ESIC approves unemployment benefit scheme for formal sector workers

The Employees’ State Insurance Corporation (ESIC) has approved a scheme for providing unemployment allowance to workers rendered jobless due to the “changing employment pattern”, acknowledging the fact that permanent jobs are on a decline in the country.
The scheme, named Atal Bimit Vyakti Kalyan Yojana, will be applicable for employees covered under the Employees’ State Insurance (ESI) Act, 1948, the labour and employment ministry said in a press statement on Wednesday. It will benefit over 1 million workers across the country, a senior ESIC official said.
Workers who are left unemployed for whatsoever reasons will be paid money, from their own contribution towards the ESI scheme, in cash through bank account transfer. The step has been taken “considering the change in employment pattern and the current scenario of employment in India which has transformed from a long-term employment to fixed short-term engagement,” the official statement said.
The decision was taken in a meeting of the ESI Corporation chaired by Labour and Employment Minister Santosh Kumar Gangwar on Tuesday.
The scheme will be notified soon and workers who are ‘insured persons’ under the ESI Act for a period of two years continuously will be eligible to be a part of it.
Workers will be able to draw 47 per cent of their total contributions towards ESIC after remaining unemployed for at least three months from the date of leaving their previous jobs, according to the draft scheme.
“The person can choose to receive the cash at one go or in instalments,” the official quoted above said.
Nearly 4.75 per cent of a worker’s monthly salary goes towards ESI as the employer’s contribution, 1.75 per cent of the income is the employee’s share. The employees’ insurance scheme applies to all factories and establishments employing at least 10 workers.
Workers drawing salary up to Rs 15,000 per month are entitled to medical benefits for treatment during incidences of sickness, maternity, disability and death due to injury during work. The ESI Act applies to factories with 10 or more workers and it is also applicable to shops, hotels, restaurants, cinemas and road transport undertakings.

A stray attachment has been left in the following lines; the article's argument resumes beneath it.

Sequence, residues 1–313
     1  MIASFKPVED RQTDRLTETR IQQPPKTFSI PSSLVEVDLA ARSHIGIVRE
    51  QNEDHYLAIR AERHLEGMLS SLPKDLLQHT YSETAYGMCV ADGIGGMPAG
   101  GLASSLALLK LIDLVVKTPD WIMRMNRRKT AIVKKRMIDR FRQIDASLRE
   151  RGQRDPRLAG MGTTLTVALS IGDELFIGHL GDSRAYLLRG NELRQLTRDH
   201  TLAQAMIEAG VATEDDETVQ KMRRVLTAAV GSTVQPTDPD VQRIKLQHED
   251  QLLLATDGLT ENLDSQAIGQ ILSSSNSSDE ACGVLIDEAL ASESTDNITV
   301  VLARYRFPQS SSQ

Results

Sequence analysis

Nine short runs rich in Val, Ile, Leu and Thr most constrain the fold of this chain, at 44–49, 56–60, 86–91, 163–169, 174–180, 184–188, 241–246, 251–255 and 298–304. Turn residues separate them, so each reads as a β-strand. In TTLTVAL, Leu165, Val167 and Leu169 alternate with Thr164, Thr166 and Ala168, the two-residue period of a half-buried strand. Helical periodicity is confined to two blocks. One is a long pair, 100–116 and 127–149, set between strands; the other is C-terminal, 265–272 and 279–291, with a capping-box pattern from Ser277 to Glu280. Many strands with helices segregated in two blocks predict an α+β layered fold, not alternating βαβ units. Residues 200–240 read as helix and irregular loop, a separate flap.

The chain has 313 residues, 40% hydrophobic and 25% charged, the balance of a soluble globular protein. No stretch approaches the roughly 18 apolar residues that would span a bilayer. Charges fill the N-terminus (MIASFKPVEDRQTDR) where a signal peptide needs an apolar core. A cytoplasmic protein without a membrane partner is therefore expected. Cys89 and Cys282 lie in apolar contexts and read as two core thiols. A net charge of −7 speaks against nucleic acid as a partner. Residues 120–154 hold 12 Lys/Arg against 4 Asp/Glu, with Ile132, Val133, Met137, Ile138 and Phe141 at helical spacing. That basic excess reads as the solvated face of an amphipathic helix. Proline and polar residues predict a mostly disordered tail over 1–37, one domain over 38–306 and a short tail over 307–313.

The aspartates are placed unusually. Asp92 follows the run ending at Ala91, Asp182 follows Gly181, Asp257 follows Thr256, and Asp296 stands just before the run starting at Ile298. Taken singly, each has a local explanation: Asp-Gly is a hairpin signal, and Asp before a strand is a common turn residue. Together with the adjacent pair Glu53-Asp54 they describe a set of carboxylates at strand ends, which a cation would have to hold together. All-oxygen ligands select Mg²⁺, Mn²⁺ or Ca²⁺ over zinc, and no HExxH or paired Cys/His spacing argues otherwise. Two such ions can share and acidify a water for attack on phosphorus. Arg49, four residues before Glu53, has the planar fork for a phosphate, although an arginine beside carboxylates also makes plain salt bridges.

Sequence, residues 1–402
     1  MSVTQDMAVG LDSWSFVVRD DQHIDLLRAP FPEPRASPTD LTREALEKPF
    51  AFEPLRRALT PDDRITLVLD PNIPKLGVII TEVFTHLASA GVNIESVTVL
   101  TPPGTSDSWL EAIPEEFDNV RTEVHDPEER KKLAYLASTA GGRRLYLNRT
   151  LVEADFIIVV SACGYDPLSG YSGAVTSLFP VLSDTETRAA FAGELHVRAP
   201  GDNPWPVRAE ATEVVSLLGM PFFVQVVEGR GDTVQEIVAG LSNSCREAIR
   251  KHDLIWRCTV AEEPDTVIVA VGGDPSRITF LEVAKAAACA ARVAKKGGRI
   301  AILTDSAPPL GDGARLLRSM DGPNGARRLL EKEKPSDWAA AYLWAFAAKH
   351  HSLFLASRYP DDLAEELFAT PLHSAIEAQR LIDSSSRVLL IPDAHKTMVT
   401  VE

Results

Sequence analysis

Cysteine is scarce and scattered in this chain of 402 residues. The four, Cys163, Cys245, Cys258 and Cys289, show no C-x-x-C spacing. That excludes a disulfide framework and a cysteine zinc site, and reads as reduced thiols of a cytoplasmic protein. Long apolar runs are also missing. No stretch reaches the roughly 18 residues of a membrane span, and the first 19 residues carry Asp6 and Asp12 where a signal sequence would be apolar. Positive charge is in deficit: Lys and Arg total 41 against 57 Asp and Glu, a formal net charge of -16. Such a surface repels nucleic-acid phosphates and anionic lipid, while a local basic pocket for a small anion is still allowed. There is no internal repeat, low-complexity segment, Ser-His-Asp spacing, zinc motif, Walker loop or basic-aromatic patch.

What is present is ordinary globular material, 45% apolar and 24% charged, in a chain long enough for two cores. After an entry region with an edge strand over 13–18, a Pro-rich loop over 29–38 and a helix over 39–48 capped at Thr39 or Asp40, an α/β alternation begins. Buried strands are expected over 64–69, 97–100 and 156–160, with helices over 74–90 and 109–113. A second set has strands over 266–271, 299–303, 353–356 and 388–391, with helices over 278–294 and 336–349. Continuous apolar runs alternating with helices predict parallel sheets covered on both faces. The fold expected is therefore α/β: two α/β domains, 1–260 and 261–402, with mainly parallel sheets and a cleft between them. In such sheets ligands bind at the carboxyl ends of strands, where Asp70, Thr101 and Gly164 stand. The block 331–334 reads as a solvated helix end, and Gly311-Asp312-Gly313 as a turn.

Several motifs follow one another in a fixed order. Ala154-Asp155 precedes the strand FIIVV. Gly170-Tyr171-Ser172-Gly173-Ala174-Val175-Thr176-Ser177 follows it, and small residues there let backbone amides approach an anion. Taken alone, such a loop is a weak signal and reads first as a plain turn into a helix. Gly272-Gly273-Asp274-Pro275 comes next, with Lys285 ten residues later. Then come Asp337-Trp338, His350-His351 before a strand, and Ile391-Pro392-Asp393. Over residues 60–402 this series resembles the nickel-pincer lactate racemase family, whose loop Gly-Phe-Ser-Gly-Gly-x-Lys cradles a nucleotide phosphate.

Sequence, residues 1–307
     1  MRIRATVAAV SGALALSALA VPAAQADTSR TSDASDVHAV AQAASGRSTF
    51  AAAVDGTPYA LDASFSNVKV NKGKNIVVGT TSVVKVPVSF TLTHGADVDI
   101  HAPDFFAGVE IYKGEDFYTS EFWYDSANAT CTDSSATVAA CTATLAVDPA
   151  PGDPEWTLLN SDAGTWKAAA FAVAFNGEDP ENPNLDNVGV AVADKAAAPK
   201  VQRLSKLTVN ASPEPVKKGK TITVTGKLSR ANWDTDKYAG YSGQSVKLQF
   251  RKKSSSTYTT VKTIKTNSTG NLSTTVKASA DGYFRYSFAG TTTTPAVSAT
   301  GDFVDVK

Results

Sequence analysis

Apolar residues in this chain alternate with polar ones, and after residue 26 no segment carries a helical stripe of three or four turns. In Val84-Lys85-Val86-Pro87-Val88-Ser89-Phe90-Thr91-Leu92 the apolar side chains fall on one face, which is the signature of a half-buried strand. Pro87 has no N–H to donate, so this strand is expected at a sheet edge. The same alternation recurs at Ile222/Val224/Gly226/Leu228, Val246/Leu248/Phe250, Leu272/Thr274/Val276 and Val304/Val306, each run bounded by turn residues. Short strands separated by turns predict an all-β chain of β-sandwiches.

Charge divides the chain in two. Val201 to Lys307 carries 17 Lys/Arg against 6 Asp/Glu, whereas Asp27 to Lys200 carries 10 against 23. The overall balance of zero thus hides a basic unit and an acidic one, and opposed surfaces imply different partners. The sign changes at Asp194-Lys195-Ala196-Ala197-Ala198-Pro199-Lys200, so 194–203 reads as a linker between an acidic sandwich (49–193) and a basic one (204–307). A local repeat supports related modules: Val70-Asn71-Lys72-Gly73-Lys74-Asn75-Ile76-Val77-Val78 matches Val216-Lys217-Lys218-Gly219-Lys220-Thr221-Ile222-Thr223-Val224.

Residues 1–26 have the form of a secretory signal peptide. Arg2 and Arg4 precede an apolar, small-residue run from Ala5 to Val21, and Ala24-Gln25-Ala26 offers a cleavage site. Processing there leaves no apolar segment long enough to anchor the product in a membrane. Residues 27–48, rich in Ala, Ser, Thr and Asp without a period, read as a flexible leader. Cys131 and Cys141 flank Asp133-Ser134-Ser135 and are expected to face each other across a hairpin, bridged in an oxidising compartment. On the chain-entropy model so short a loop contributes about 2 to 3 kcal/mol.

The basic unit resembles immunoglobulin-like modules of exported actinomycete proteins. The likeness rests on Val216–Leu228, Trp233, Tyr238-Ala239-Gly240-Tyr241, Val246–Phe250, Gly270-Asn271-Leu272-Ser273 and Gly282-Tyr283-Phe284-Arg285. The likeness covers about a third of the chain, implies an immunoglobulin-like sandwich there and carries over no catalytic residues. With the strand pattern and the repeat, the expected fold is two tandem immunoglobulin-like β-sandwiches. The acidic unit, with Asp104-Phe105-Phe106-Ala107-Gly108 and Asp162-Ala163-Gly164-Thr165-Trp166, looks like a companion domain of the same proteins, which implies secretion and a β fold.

“There is a changing employment pattern in the country. Most of the factories are now hiring workers on contract. Permanent jobs are on the decline and more contract workers are being hired. But there are chances they become unemployed at the end of their contract tenure,” a senior ESIC official said.
The new scheme will be in addition to the Rajiv Gandhi Shramik Kalyan Yojana (RGSKY) under which ESIC subscribers are provided unemployment allowance. However, persons who have become unemployed after being insured for at least three years, only for three reasons – closure of factory, retrenchment or permanent invalidity – are entitled to be a part of the RGSKY scheme. Unemployment allowance equal to 50 per cent of wage for a maximum period of two years is provided, along with medical care for the worker and her family during the period of unemployment.
“We did not oppose the new scheme for providing unemployment allowance to workers registered with ESIC. However, the government itself is responsible for reducing job securities of workers by bringing in a policy of fixed-term employment. Workers are now being compensated through this route,” Prasanta Nandi Chowdhury, national secretary, Centre of Indian Trade Unions and a member of ESIC, said.
The government had earlier this year allowed industries from all sectors to employ workers on a fixed-term contract. The move enabled industries to hire workers for short-term assignments and terminate their services once the projects are completed. Such workers are entitled to all statutory benefits available to a permanent worker in the same establishment.

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